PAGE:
Luckily Wieliczka was the last stop, because I could not see station names from our seat (not that any of the intermediate stops looked all that inviting to alight).  On a summer day, the salt mine can see thousands of visitors, so it was quite a touristy area and the directions to get to the mine were more than clear.

"Dzien Dobry" A phrase I was glad I practiced ahead of time
We began our tour with a long stairway descent into the mine, 54 flights of 7 steps each.  Being the nerd that I am, here's what I was thinking about.

You fear to go into those mines. The dwarves delved too greedily and too deep. You know what they awoke in the darkness.

 But it turns out they call the dwarves "brownies" here.

Brownies - my picture is better than the one from Wikipedia

The mines have excellent accent lighting for all the rock salt statues and hollowed caverns, so I took all the photos without flash.  Usually it ended up in a blurry mess but there were a few favorites which I'll share here. I heard that the mine officially don't produce salt anymore, but there were tons of guys with hardhats looking like they just put in a solid day's work.  Maybe it was just for maintenance purposes.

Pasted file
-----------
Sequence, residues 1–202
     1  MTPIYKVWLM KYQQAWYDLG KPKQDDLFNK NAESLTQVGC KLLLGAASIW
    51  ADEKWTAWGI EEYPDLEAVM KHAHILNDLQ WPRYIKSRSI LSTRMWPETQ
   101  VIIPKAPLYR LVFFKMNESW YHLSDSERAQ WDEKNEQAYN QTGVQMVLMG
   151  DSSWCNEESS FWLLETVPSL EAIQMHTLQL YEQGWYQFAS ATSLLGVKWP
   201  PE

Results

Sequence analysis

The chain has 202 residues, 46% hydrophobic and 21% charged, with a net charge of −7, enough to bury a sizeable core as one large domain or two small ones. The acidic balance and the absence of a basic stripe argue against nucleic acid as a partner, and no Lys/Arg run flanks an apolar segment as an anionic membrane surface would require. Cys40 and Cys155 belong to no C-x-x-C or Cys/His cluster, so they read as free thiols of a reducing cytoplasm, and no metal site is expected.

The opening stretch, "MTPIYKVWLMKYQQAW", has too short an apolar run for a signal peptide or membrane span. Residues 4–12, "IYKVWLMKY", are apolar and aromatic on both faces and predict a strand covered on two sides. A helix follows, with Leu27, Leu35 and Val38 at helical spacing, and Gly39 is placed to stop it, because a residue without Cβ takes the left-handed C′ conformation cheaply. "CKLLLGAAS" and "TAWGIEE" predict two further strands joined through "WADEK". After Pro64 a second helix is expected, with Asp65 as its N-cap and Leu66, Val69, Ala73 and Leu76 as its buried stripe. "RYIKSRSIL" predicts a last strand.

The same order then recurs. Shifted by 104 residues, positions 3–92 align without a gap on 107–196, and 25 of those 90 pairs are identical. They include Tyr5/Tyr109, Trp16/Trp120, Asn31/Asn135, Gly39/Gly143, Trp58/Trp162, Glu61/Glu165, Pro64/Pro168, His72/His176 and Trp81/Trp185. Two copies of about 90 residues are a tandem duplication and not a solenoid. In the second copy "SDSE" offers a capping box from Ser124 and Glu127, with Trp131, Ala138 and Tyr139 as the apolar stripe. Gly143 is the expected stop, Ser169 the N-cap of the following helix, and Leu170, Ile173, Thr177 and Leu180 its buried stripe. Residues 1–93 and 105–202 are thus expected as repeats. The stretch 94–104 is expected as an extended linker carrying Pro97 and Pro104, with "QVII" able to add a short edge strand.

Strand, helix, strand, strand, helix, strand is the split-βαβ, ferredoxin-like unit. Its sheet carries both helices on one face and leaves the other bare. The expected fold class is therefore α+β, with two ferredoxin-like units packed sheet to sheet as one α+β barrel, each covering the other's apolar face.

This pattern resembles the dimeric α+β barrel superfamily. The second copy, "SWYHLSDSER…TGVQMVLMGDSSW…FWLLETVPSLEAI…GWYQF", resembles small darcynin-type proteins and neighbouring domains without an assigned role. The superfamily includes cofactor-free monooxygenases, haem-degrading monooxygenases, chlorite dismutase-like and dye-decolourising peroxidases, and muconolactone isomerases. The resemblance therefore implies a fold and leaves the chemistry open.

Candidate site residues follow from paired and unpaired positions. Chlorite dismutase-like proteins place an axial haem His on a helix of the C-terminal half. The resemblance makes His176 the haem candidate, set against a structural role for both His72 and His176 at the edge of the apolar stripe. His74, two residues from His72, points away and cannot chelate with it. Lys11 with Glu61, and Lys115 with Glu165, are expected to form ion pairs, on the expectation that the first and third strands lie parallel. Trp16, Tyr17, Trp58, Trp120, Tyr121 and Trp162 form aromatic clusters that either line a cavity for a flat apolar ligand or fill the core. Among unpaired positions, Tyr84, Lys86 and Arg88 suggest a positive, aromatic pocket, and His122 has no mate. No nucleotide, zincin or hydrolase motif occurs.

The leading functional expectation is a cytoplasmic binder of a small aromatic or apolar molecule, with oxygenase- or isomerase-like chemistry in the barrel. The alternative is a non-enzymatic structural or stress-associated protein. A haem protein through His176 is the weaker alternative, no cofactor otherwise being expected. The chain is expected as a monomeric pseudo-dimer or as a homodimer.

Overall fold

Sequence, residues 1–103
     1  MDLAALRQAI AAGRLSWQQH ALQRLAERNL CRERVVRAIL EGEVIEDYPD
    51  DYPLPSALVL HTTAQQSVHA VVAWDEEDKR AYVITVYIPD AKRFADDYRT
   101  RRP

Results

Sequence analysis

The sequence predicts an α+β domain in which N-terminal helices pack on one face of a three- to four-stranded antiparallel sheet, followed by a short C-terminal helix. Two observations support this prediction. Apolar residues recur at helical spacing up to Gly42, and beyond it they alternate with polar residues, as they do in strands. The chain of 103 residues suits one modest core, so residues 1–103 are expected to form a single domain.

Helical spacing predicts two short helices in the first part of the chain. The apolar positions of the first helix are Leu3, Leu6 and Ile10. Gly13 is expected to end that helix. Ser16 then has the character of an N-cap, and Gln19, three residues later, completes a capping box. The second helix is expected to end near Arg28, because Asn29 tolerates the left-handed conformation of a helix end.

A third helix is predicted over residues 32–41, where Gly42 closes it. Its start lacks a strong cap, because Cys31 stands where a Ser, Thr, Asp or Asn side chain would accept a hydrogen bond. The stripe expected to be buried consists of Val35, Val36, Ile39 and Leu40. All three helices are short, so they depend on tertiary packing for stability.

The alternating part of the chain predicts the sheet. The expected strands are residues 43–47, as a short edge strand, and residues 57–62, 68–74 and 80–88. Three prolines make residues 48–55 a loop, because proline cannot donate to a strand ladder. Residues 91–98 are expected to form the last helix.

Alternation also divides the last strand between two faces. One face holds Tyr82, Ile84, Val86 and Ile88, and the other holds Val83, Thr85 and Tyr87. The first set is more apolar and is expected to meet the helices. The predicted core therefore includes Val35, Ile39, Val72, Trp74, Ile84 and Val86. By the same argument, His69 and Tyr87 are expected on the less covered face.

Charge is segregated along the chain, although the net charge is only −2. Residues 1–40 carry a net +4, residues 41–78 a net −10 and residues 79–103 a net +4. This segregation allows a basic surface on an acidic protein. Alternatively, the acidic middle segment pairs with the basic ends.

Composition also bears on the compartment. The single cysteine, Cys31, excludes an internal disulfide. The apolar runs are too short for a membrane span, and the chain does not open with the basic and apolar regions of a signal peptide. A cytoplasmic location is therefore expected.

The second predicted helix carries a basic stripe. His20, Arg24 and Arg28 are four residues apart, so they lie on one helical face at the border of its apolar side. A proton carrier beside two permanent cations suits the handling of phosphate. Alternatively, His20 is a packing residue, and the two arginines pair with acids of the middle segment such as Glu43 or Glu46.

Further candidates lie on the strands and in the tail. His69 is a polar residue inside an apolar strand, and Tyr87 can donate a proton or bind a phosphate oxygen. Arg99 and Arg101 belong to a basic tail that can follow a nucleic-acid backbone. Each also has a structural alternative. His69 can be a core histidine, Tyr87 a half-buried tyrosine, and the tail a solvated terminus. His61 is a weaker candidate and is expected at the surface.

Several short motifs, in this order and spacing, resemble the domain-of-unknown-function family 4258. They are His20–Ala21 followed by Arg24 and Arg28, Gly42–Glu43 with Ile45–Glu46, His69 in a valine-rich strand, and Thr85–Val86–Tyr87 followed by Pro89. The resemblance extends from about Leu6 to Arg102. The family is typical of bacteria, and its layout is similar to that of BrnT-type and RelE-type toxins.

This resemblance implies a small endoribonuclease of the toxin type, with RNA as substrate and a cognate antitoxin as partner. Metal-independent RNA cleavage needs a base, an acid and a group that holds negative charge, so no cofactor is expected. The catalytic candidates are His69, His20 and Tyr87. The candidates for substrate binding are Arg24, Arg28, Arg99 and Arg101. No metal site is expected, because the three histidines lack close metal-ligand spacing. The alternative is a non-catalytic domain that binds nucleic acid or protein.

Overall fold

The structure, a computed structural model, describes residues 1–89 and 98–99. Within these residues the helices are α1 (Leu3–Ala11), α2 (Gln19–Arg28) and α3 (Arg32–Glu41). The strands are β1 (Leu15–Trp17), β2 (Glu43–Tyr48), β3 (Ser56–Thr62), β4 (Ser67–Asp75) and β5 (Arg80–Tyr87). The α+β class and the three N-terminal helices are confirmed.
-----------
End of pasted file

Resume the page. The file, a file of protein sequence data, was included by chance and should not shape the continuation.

The tour guide told us to touch the wall and lick our fingers to taste the salt.  I said "the snozzberries taste like snozzberries!"

A large collection of salt statues

Our English-speaking tourguide was very knowledgeable

Descending down to 135 meters
Most of the lasting structure is made from wood.  They had metal rails which used to run the carts to transport salt, but that would corrode quickly.  The salt helps preserve the wood.  Also, the air quality was excellent, no mold!  In fact, people go spend time at the underground health spa to alleviate their asthma symptoms.

The underground cathedral carved out of salt.

The cathedral was very impressive.  The workers in the salt mine (and Poles in general) have a very spiritual history, and worship would take place before every shift.  The statues carved into the wall are from 4 different artists over a span of 100 years.  Also, there are excellent acoustics here, so I was euphoric.   They have chamber music events here on occasion.  It was such an interesting contrast to La Sagrada Familia and York Minster; in terms of extreme houses of worship I think we've covered the spectrum.

A fully salt-saturated underground pond - does not corrode the salt walls but no floating allowed.